• Laura Kolaczkowski author
    4 years ago

    jet, those are good points to make. There is a huge difference between our memory problems and what someone with Alzheimers experiences. I’m sorry your doctors are dismissive of your concerns – can you ask for a referral for an evaluation anyway?

  • Storyteller45
    4 years ago

    I also worry about memory and cognitive impairment. My mother passed from Alzheimer’s, so I’m pretty paranoid about the whole thing….

  • MSPocahontas
    4 years ago

    !?!?!?! Be too….

  • MSPocahontas
    4 years ago

    I meant me too

  • Jan Adair
    4 years ago

    This has got to be the most memorable writing that I’ve read in almost 37 years of living with MS! Last week after having a neuro/psych exam I was told I could no longer work. I have been a nurse since 2000 and have enjoyed taking care of my patients! I was hoping to work at least another six years but now know it won’t happen. It is a very, very scarey thing to start noticing your memory which was once very sharp starting to slip. I knew that after people started telling me that I was repeating myself and I couldn’t remember if the day of the month was supposed to be followed by a comma or a period when writing out a check. That’s just the tip of the iceberg. I’m just not myself anymore. Another loss. I’m trying to keep my spirits up but I think I will always be plagued with dysthymia. (Constant low level depression). I need to learn how to adjust…..that is if I can remember how!!!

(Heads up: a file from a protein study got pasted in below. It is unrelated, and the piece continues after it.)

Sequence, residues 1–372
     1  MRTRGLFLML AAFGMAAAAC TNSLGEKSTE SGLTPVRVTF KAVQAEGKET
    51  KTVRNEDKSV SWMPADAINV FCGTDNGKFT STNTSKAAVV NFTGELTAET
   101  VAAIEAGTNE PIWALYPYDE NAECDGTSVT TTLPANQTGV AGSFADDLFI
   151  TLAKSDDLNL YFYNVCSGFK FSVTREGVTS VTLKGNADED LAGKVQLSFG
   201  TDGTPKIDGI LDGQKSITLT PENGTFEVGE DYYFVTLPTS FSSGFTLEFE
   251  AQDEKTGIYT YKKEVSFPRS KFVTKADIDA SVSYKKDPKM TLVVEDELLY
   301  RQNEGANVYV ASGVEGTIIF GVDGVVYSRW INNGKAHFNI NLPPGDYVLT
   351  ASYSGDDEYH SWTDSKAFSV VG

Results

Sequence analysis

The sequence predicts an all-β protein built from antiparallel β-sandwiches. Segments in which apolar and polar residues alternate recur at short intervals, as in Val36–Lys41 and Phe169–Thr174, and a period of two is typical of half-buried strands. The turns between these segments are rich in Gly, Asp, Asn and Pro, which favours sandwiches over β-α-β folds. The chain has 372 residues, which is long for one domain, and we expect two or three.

• Laura Kolaczkowski author
    4 years ago

    Thanks for the comments and sharing your experiences, Jan. It’s so helpful to know that others have forms of the same problem. I’m sorry the memory problems have been so significant that you have had your career halted. You might talk to your doctor about trying a round or two of therapy to help with learning tips and tricks to assist the failing memory.

  • Laura Kolaczkowski author
    4 years ago

    The postscript to this article is I really did have to follow the link and reread it to jog my memory of what I wrote. Sadly true. – Laura

  • Kim Dolce moderator
    4 years ago

    I’m down with what’s up with that, Laura. It’s why I walk around my apartment all day long talking out loud to myself, rehearsing and rehashing before it all drains away. At least we haven’t forgotten our own names–yet, lol.

    Kim